File photo of a police officer standing next to the Polish embassy in Moscow, where some diplomats have been expelled for "activities incompatible with their status"
Moscow (AFP) - Russia expelled several Polish diplomats for spying on Monday, deepening the worst East-West crisis since the Cold War as the EU eyed fresh sanctions against Moscow over the violence in Ukraine.
Fresh bloodshed in Ukraine between pro-Kremlin rebels and Kiev's forces added to the tensions after Russian President Vladimir Putin left a G20 summit in Brisbane early amid criticism from western leaders.
Work resumed meanwhile to remove the debris of Malaysia Airlines flight MH17 from eastern Ukraine, paving the way for its return to the Netherlands four months after it was downed, allegedly by the rebels using a Russian missile.
Moscow said Monday it had expelled a number of Polish diplomats for conduct "incompatible with their status", diplomatic jargon for espionage, adding that Warsaw had earlier expelled Russian diplomats on the same grounds.
Poland -- which has been one of the most hawkish of the 28 European Union states in its stance against Russia's role in Ukraine -- confirmed Moscow's move was a "symmetric response".
- Sanctions eyed 'for sure' -
In Brussels, EU foreign ministers met to discuss hitting Russia with fresh sanctions, most likely targeting individuals linked to the violence in Ukraine, in which around 4,100 people have died.
New EU foreign affairs chief Federica Mogherini said sanctions would be discussed "for sure" in response to violations of a September peace deal in Ukraine and discredited elections held by separatists in November.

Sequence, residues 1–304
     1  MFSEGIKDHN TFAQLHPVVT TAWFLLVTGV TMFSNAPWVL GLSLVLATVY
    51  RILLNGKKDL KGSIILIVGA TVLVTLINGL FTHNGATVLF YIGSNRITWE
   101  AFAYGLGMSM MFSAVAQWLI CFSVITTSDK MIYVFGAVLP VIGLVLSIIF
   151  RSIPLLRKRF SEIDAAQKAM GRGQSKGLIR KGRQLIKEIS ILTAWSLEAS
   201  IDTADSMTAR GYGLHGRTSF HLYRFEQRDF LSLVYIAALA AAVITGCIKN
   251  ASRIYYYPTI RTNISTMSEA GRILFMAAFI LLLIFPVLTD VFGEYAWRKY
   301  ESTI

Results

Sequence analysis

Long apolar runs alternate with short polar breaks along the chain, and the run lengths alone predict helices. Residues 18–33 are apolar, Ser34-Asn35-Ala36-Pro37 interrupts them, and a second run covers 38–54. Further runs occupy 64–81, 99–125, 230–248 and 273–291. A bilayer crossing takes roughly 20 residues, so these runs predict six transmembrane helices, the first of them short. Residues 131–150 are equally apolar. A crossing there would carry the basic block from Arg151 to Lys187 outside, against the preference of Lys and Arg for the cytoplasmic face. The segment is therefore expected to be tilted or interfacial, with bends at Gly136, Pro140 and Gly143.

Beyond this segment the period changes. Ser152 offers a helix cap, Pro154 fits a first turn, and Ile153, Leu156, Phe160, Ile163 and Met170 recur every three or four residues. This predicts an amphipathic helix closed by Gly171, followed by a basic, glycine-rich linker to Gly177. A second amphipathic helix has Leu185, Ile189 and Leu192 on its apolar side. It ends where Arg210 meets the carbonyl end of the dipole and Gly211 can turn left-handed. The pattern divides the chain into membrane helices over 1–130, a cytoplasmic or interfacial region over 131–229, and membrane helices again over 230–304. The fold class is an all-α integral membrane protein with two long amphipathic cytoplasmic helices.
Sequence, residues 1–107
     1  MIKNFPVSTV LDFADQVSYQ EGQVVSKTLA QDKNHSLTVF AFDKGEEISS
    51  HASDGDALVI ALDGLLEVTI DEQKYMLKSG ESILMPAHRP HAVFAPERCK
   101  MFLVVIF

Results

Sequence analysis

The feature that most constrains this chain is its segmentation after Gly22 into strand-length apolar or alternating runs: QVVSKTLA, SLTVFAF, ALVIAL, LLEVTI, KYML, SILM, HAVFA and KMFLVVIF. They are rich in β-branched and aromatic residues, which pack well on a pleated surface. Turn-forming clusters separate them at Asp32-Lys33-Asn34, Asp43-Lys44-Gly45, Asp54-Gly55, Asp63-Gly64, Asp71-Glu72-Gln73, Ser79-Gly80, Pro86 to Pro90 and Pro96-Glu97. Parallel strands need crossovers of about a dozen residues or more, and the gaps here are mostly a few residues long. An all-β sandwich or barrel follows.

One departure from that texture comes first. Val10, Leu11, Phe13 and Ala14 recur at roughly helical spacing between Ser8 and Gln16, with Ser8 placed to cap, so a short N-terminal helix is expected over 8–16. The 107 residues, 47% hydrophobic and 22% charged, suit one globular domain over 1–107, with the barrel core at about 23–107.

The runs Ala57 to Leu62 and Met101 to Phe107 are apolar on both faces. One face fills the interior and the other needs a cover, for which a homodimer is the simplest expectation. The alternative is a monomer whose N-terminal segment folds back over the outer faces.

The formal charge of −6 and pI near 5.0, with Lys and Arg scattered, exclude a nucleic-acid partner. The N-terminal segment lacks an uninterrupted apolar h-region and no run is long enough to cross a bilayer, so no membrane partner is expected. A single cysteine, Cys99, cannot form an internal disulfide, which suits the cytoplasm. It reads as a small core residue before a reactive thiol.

"But sanctions in themselves are not an objective. They can be an instrument if they come together with other measures," she said.
These included pushing Ukraine to adopt reforms and carrying on dialogue with Russia, said Mogherini, the former Italian foreign minister whose appointment to the EU job was opposed by eastern states that saw her as too soft on Moscow.
The sanctions to be discussed Monday would most likely be limited to adding individuals to the list of those already hit with travel bans and asset freezes, rather than wider economic measures, ministers said.
Many EU states are dependent on trade relations with Russia, and on Russian gas.
"We are ready to support these sanctions to persons and this will probably be one of the main points on the agenda," Czech Foreign Minister Lubomir Zaoralek told reporters.
There were deep divisions within the EU's member states on the initial sanctions against Russia after the annexation of Crimea in March.
But the bloc took a harder stance after the shooting down of MH17 in July, with the loss of nearly 300 people.
- Ten dead in fresh violence -
German Chancellor Angela Merkel on Monday called on the West not to lose hope in what may be a long struggle with Russia over Ukraine, but vowed that the Kremlin "will not prevail".
"We need to have the necessary patience for an uphill battle," Merkel said in a speech after the Brisbane summit.
Western leaders at the summit, including US President Barack Obama and British Prime Minister David Cameron denounced Putin's "unacceptable" actions in Ukraine, warning of more sanctions to come unless he changed course.
The West would keep up the pressure for years if necessary, to get Russia to reverse course, said Cameron who branded the Russian president a "bully".
In the latest casualties in eastern Ukraine, seven Ukrainian soldiers and three police officers were killed in the past 24 hours, while one civilian was killed and eight wounded over the weekend, security officials said.
An AFP reporter in the city heard fresh shelling early Monday.
Meanwhile, workers spent a second day recovering wreckage from the doomed Malaysian Airlines plane, which was shot down en route from Amsterdam to Kuala Lumpur over rebel-controlled territory.
"The recovery of wreckage of flight MH17 has been continued this morning. For the second day wreckage will be recovered for the investigation into the cause of the crash," the Dutch Safety Board said.
The wreckage is being placed on trains and will eventually be returned to the Netherlands, which is leading the inquiry, it said.